Pre-War Revenants (1897-1939)
Revenant No.214 (2 CDs)
In the first volume of his autobiography, Chronicles (Simon & Schuster, 2004), Bob Dylan has some interesting things to say regarding what had captivated him about folk music, as a young man. He talks of discovering ‘… a parallel universe… with more archaic principles and values… A culture with outlaw women, super thugs, demon lovers and gospel truths… streets and valleys, rich peaty swamps, with landowners and oilmen, Stagger Lees, Pretty Pollys and John Henrys - an invisible world that towered overhead with walls of gleaming corridors… Folk music was a reality of a more brilliant dimension. It exceeded all human understanding… (a) mythical realm… it was life magnified.’ Elsewhere, he describes putting together a repertoire of his own from the tradition (long before he had started to write songs) consisting of songs that were ‘… about debauched bootleggers, mothers that drowned their own children… floods, union hall fires, darkness and cadavers at the bottom of rivers… They weren’t friendly or ripe with mellowness. They didn’t come gently to the shore… They were my preceptor and guide into some altered consciousness of reality, some different republic …’
Dylan is writing here about a time more than 40 years ago, but there is something in the tone of his descriptions that reflects a very contemporary perspective on traditional music and musicians (trust Bob to be ahead of the game). In that last phrase ‘some different republic’, he is echoing (as he freely acknowledges) the work of the writer Greil Marcus, whose extraordinary book Invisible Republic (Picador, 1997) explored the connections, both in spirit and materially, between songs and music from the American tradition and Dylan’s Basement Tapes songs, with particular reference to the Folkways reissue series Anthology Of American Folk Music, assembled in the early 1950s by Harry Smith. The Anthology (three volumes of two-LPs each) had drawn on commercially issued recordings from the 1920s and 1930s and it was re-released on CD at about the same time as Marcus’s book appeared (Smithsonian Folkways 40090). Partly because of the Invisible Republic connection, and partly because the reissue included a new set of essays (including one by Marcus and one by the late guitarist John Fahey) giving different perspectives on the selection, reviewers (many of whom had evidently never heard of it before) started to describe the Anthology in ways that it had never really been seen in the past, hailing it in the most hyperbolic terms. Suddenly, a set of records that had been around for years, a familiar sight on the shelves of discerning music fans everywhere, was being hailed as monumental and even prophetic.1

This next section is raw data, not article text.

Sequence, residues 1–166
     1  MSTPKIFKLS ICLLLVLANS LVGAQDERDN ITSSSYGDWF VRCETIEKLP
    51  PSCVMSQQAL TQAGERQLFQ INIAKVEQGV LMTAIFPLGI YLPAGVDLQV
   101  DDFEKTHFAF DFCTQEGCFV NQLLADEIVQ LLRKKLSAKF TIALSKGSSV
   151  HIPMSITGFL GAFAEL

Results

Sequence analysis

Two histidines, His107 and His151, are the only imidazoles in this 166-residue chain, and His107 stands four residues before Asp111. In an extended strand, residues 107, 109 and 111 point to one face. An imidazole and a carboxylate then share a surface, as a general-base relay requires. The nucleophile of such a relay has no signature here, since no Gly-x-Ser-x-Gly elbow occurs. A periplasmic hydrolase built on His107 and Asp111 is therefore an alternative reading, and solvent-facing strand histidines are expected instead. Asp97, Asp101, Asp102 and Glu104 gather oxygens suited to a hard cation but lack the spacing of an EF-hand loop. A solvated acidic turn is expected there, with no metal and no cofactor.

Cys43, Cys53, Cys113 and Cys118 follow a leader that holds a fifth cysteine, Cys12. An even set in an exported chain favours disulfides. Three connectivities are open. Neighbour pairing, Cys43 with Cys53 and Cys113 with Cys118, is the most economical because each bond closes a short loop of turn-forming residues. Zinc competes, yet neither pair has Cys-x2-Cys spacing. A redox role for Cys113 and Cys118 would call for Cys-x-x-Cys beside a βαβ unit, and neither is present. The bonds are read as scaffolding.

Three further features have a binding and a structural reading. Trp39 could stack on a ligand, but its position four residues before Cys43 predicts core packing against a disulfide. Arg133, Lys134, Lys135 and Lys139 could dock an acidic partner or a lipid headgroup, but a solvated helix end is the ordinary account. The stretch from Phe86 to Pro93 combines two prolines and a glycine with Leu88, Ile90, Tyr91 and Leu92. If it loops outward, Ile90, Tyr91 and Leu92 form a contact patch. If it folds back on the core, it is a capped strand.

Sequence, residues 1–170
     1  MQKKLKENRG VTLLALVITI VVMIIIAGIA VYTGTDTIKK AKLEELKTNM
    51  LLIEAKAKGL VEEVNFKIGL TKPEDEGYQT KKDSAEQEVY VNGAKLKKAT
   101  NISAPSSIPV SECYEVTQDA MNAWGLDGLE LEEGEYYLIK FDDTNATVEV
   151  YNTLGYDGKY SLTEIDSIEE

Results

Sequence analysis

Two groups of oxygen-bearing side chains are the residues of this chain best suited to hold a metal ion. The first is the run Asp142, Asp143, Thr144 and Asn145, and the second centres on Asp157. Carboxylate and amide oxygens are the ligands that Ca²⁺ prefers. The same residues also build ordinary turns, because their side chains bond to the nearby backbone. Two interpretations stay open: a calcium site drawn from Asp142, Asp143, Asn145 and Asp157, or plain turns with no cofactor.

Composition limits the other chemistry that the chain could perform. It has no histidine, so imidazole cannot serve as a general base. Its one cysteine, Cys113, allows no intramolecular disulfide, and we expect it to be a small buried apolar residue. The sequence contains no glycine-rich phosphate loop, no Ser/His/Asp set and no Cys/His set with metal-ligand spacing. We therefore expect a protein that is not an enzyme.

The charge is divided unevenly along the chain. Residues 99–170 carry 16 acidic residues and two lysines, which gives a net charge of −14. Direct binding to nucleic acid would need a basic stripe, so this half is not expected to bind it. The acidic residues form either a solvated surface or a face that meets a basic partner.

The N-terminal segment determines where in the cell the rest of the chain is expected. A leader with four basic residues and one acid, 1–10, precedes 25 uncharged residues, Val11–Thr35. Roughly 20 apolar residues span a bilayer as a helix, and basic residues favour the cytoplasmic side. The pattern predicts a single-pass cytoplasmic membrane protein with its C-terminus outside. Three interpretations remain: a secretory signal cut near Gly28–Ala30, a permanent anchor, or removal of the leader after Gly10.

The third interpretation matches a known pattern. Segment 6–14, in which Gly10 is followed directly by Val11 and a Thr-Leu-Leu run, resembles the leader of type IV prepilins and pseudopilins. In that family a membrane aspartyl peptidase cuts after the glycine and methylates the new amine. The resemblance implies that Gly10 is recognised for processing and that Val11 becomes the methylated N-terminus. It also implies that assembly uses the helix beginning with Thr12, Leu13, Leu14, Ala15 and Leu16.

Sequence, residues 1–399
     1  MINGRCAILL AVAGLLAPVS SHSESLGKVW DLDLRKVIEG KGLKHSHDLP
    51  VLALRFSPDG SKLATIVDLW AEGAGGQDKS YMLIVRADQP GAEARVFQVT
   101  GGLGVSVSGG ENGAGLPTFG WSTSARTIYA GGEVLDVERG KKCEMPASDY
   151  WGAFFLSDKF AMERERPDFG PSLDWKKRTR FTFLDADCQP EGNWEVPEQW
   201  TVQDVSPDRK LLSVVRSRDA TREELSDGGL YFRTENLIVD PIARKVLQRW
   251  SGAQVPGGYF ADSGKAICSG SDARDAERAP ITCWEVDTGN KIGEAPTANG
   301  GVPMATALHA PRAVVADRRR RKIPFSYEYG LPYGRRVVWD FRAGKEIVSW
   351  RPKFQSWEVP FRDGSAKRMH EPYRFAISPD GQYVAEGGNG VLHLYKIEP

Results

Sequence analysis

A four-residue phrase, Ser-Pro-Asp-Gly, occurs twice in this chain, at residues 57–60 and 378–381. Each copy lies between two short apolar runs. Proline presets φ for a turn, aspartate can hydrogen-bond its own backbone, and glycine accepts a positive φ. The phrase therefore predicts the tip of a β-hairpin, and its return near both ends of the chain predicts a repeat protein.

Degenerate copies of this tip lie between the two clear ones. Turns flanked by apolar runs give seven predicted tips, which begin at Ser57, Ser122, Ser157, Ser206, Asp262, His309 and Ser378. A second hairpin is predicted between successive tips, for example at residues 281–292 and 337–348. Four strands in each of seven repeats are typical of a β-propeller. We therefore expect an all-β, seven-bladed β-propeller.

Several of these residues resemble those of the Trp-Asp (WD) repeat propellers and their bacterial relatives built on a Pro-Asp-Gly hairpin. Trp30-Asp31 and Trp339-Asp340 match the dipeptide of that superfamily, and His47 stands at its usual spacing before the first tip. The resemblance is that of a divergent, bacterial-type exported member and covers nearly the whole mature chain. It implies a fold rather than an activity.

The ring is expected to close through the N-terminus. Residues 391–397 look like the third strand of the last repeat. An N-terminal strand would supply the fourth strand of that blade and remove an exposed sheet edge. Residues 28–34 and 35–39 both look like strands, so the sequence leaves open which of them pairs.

Harry Smith was a highly individual character - an artist in diverse media and a pioneer record collector, rather than a folklorist - and the original visual presentation (using odd collage effects) and commentary (especially his highly truncated song summaries) in the Anthology had been decidedly eccentric. Personally, I had always seen this as being a bit of fun, but now reviewers seemed determined to invest it with all sorts of significance, no doubt influenced by the tone of Marcus’s commentary. For some of us who had known and loved the Anthology, and similar music beyond its covers, what seemed interesting about all this was that whereas folk music had, in the past - especially in the USA - been packaged as a healthy alternative to the decadences of popular consumer culture (an opposition similar to that between wholefood and junkfood), now it was being given a quite different slant - as being something that reached deep back into a mystic and unfamiliar past. In this interpretation, traditional music’s original exponents, far from being the upright rural bearers of a noble tradition they had once beeen assumed to be, were, in fact, enigmatic and even sightly threatening guardians of an arcane and obscure art, as if the music’s natural context was closer to occult ritual than hootenanny.
Harry Smith had apparently prepared a fourth volume of his Anthology, never released by Folkways, but Revenant issued it on CD about 5 years ago (Revenant No.211), again packing it with additional commentaries - fascinating stuff, although just possibly losing sight of the fact that Smith, who had been dead for about a decade by this time, seems to have been more inclined to let the music speak for itself. A year or two earlier, the same company had issued the first volume of American Primitive (Revenant No.206, a splendid selection of early recordings of sacred songs). Its notes were distinctly on the esoteric side, and its packaging used a range of peculiar graphics, including a woodcut of the god Pan, and the familiar photograph of Charley Patton, altered to resemble a Halloween mask. You could read too much into it, but it seems unlikely that the pagan slant in all this was just an accident. Reviewing that disc elsewhere, I suggested that one way of looking at this was simply as the latest in a long line of marketing efforts. Whereas at various times in the past, audiences could be attracted to the blues by having it sold as ‘the origins of jazz’, then ‘the real folk blues’, then ‘the genesis of rock’n’roll’, now the post-punk, post X-files generation could only be persuaded to take an interest if they could be convinced that it was mysterious, distinctly edgy and maybe even a little bit dangerous.2
One final introductory point: it’s worth reflecting on the fact that when Smith originally put his Anthology together, the records that he included were little more than a couple of decades old, and the rights to many of them were owned by major media corporations, such as CBS (who owned Columbia, Vocalion etc) and RCA (Victor, Bluebird etc). So far as I’m aware, these giants never noticed, and if they had, it is unlikely that they would have bothered very much - in the 1950s they would doubtless have considered most of the records to be entirely without value (by the time the CD version appeared, the corporate view had changed to some extent, but the recordings were no longer protected by copyright). This sense of the material being considered essentially worthless in establishment circles echoes what a reviewer in the Independent recently said about the music on this disc when he likened it to ‘outsider art’. Of course, in the 21st century, ‘outsider art’ is newly trendy, championed by hip young artists who would kill for a fraction of the spontaneity and richness that some ‘outsider artists’ seem to be able to achieve naturally, and even pop stars (Jarvis Cocker made a TV series about it a couple of years ago).